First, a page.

Saving money. We all know we should be doing it for retirement and have money tucked away for a rainy day. But it is harder said than done.
The reality is, if you don’t pay yourself first, you will end up paying yourself last and there won’t be anything left!
But saving money just isn’t as much fun as spending it. Saving money for retirement is just too far away when you are in your 20’s or 30’s, having the newest and latest piece of technology is much more exciting.
Gerry Mitchel in his recent article for The Meridian Star ‘The Psychology of Saving’ makes some very interesting points. Here is a snippet. Continue reading
“l’ll be happy when I get the pay rise” or “I’ll be happy when I get a ………” Just insert whatever the word is for you.
Why do so many of us wait to be happy? What is wrong with being happy right now? And, why do we look to money to make us happy? Continue reading
Wow, what an eye opener. I have just watched Nigel Latta: The new Have’s and Have Nots. What a powerful documentary about the changes in the New Zealand economy, the impact on families and the widening gap between the have’s and have nots.
I highly recommend that you watch the documentary, but if you can’t spare 44 minutes, then these are the key points that I picked up from it.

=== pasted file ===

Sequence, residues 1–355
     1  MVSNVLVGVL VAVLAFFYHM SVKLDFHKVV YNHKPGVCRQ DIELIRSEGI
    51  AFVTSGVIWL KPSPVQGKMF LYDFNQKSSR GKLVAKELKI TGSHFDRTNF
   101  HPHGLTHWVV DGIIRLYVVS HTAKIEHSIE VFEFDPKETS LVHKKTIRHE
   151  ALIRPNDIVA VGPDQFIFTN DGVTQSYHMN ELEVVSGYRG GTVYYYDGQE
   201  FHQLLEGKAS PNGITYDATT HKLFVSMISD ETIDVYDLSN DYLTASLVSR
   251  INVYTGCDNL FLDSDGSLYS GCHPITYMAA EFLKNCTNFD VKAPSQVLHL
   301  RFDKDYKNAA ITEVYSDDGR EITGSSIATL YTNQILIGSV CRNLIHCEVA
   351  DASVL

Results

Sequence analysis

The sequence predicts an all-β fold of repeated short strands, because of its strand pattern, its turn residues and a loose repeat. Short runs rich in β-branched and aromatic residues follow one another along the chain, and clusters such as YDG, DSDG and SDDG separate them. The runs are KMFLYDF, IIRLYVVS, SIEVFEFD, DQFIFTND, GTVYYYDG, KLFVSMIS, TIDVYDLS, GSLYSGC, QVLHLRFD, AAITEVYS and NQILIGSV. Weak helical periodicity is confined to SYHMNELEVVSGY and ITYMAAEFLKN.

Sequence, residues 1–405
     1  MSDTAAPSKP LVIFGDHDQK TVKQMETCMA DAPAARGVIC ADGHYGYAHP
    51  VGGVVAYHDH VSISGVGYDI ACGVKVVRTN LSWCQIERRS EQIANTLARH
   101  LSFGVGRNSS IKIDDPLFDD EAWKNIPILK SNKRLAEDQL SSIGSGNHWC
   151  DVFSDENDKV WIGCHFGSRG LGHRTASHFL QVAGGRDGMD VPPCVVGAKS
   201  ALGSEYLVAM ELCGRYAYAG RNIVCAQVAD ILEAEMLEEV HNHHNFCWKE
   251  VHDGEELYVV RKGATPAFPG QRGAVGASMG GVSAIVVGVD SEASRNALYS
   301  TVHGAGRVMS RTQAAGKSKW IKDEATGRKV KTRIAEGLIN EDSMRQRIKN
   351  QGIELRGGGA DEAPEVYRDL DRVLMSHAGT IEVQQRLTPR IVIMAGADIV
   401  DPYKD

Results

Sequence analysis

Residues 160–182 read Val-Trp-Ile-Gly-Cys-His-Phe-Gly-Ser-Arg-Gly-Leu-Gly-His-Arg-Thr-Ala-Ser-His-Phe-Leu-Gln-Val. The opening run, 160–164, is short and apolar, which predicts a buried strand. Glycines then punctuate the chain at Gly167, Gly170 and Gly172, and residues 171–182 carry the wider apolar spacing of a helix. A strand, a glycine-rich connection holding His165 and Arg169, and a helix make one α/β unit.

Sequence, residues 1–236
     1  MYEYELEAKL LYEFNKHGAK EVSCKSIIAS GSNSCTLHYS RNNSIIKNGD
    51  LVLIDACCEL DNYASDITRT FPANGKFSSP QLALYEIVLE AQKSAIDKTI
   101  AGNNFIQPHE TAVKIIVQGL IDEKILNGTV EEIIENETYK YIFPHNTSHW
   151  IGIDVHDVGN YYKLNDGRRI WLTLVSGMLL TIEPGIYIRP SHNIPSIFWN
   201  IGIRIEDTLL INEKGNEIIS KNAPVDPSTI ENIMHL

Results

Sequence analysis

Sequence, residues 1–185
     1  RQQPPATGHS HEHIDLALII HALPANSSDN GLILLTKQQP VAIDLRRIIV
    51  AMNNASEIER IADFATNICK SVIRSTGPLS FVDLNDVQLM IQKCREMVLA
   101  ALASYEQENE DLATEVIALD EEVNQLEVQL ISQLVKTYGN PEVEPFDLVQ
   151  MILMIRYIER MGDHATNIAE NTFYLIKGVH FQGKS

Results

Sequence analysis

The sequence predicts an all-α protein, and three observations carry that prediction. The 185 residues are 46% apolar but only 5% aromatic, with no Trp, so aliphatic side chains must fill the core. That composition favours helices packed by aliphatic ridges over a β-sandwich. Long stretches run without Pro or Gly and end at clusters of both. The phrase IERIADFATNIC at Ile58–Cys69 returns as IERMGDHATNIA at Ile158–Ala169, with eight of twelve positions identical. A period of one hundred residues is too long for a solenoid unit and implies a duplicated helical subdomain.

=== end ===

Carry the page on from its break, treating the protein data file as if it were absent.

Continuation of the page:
We have a new ‘class’ in New Zealand, The Working Poor. These are the families where both parents work full time, and still don’t have enough money to meet the day to day needs of their families.
If something goes wrong and they need to borrow money; say for car repairs or a family funeral that is out of town, they have no option but to borrow money. The banks won’t lend it to them, so they end up in the hands of the loan shops, who will happily lend them money at 10% interest. That didn’t sound too bad until it was clarified; that was 10% per week!! When you are desperate you tend to think in terms of immediate needs, and don’t calculate the longer term costs so the situation just keeps getting worse.
The statistics are scary. One in five families don’t have enough to live on. One in three families couldn’t survive more than two weeks if the main breadwinner lost their jobs. A staggering 55% would run out of money in four weeks. Continue reading